FWIW, I have wondered the exact same thing when I've heard about families using the same curriculum we were using, and it was taking them all day long to do what we did in a few hours or less. All I can think of is that their day is just structured differently or something.

It can also mean that mom is open to more "rabbit trails" where the kids can spend extra time pursuing the subject in depth. Some kids just love that kind of thing (mine don't; they want to be done.)

 

Also, it can also mean that mom wants that 6-7 hour window to be considered "school time" so as to minimize interruptions. While her kids may just be free reading, she still wants it to be the "school day." Some people are that firm with their idea of school for various reasons (to keep relatives from barging in unannounced, to keep the family's focus during the school day, with a reluctant spouse who is nervous about homeschooling, etc.) Also, mom could also be counting her grading, planning time as part of the school day.

 

REally, I don't care how long it takes other people to do school.

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Well, it's just a moment. :) And to be fair, a lot of things cause me a moment of going: :confused1: I'm sure people will read what I wrote below and do the same, lol. I can assure you I'm not spending lots of time judging or criticizing what other families are doing. At all. I do enough doubting of myself to worry too much about other people.

 

This is how my day would go (with 1 11yo girl and 5 little boys) if I tried to follow an above poster's plan (my day is in red):

 

 

 

I do understand that each family has to do what works for them. I personally don't see how it would be possible for a mom to stay sane doing 6-8 hours of school work per day, but I am speaking from my own experience here (again, even taking into consideration if I just had my first 2 children). Just my opinion.

 

I wholeheartedly agree with the bolded! Here is a day I wrote down a few months ago, with a 13yo and a 2yo:

 

Curriculum used:

Learning Adventures All In One, Vol. III

Art of Problem Solving’s Introduction To Algebra

Writing With Skill

Ellen McHenry’s The Elements and Mr. Q’s Advanced Chemistry

Supplements:

Jackdaws

Library books

5:30 AM – Wake up, start the coffee, throw in a load of laundry, do yoga with The Husband. Enjoy a little bit of quiet and help him get ready for work/do household chores before waking the kids.

 

7:00 AM – Throw a banana at the one,

 

wait for the grumpy teen to eat breakfast and do his chores. Hop on SkedTrack to see what needs to be accomplished today. A bit alarmed at all the extra classes until I realize it’s usually a co-op day. Check email briefly.

 

Compare online schedule to the books to get a better idea of what we’re doing and see if I need to make any copies or printouts. And I do. On the upside, we decided to skip social studies this time since we already eat enough Mexican/Tex-Mex without making it special for this.

 

 

8:00 AM – begin work. 13yo reads a chapter of Old Yeller and we discuss the story thus far before he settles into the corresponding grammar work. 2yo entertains himself by drawing his and my hands on the whiteboard.

 

 

8:45 AM – second breakfast. Mom grabbing a yogurt and handful of nuts is cue to stop working, wrinkle nose at mom’s dish, and grab a container of the plain with honey instead. Complain about the spelling activity and how it’s making him be creative.

 

2yo plays Mancala.

 

9:00 AM – check grammar and spelling work. Send 13yo back to actually finish the “so- EASY†grammar.

9:20 AM – Grammar ready to be checked. Finally. Checked quickly then sent the kid to grab the Jackdaw for history, along with Josefina’s World. Take a look at what Mexican territory may have looked like before and during the war while 2yo climbs on my back. Go over the 5 essay choices and assign 13yo to pick one, write a thesis statement, and outline his paper.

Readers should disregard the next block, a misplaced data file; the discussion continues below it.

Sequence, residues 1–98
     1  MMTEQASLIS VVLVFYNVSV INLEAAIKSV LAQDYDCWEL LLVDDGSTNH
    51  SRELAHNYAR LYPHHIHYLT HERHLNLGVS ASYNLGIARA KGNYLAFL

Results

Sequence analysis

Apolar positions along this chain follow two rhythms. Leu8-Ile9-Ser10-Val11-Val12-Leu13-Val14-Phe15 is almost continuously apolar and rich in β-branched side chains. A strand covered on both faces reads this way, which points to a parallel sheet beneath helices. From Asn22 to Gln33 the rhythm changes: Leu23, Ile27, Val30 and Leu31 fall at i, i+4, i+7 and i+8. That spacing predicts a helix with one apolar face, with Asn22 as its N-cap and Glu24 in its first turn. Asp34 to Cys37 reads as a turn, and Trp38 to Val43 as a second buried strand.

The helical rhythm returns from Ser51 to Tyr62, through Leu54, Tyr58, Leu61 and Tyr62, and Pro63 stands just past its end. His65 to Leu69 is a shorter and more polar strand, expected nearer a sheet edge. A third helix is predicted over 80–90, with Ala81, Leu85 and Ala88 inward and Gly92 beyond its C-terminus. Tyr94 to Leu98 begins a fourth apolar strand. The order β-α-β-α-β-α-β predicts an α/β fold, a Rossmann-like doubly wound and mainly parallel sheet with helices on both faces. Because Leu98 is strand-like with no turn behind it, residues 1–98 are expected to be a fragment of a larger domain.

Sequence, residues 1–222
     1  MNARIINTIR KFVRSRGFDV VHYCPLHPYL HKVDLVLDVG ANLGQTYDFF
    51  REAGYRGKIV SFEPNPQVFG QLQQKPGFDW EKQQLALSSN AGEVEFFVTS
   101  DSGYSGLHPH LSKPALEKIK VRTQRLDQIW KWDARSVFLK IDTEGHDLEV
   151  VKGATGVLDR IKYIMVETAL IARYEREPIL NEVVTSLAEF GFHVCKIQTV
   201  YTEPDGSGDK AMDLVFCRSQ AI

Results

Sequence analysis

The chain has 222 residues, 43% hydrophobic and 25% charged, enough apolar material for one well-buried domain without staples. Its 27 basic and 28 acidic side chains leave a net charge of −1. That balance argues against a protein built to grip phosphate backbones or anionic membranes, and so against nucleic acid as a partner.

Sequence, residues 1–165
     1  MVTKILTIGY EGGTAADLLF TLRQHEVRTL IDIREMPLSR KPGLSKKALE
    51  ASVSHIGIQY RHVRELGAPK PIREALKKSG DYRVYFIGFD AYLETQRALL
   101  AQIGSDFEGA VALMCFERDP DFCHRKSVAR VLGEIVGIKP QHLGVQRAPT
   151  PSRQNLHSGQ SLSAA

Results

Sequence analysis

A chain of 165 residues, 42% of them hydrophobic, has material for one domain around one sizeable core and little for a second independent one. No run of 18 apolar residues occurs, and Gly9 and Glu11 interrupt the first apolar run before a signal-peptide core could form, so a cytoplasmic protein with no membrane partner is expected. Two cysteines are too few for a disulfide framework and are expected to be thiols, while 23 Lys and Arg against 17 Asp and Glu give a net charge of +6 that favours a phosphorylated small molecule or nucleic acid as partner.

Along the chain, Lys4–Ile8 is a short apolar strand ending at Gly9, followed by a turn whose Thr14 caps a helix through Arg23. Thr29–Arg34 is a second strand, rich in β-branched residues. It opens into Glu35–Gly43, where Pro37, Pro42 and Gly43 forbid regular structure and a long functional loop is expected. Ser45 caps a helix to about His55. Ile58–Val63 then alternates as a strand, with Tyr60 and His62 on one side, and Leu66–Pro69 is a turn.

9:50 AM – 13yo gets to work, I take 2yo up for a shower and to fold the laundry left in the dryer the night before. Tidy up the 2yo’s bedroom and upstairs bathrooms before checking on the 13yo’s work, who announces he’s ready for lunch. During this time he has done quite a lot of reading on the couch, which is not conducive to notetaking and outlining

 

11:00 AM – send 13yo back to actually use the writing skills we just discussed, that he has been taught, and is currently working on in writing class. Make lunch for the 2yo.

 

 

11:15 AM – look at that! An outline! Reassure 2yo that his brother breathing and touching the table is NOT a national emergency. Time for lunch.

12:00 PM – take a few minutes to work on co-op’s schedule and respond to emails, plus start a draft of a longer one I need to send. Switch the laundry and call the 13yo back to work. Science. He’s had a similar lesson, so after completing the activity he needs to reread the other chapter. Quiz tomorrow.

 

 

12:30 – 2yo watches people do wii bowling on Youtube, 13yo makes chocolate chip cookies, I sweep up from lunch and get ready for an afternoon meeting at 1.

 

 

12:45 PM – 2yo announces he pooped his pants. Drop everything to get him cleaned up while 13yo continues making cookies. Make coffee and really hope house doesn’t smell like 2yo.

 

12:55 PM – Warn half-naked 2yo that if he doesn’t get out from under the little table and put pants on the next stop will be nap.

 

1:00 PM – I have meeting, 13yo finishes the cookies and does a section of math + his writing. 2yo pretends to be cute and adorable for company until big brother invites him down to play Wii.

 

2:40 PM – Meeting over.

 

Time to pour another cup of coffee, check math (all good!) and writing (yay!). Relax for a few minutes and check email. Look at post-it note kept during the day and type this up. Update Skedtrack with the work finished and get everyone to clean up the books and toys from the day.

 

--------------------------------------

 

 

Not a hugely typical day, but enough to see the dynamics and such in our house. Currently my day with a 3yo includes rotating through play-dough, reading him a book, working with the big kid while 3yo flips through the pages, do activity with 3yo, then snacktime for him while I do math with the big one......by 2pm we've started melt-down mode and it becomes quiet hour by any means possible.

 

Different stages for different ages. Sometimes everything flows and you can get a lot done....other times, you just have to ride the wave. I forget sometimes that I come at it as a mom of 1/4 of what many have on this board. :)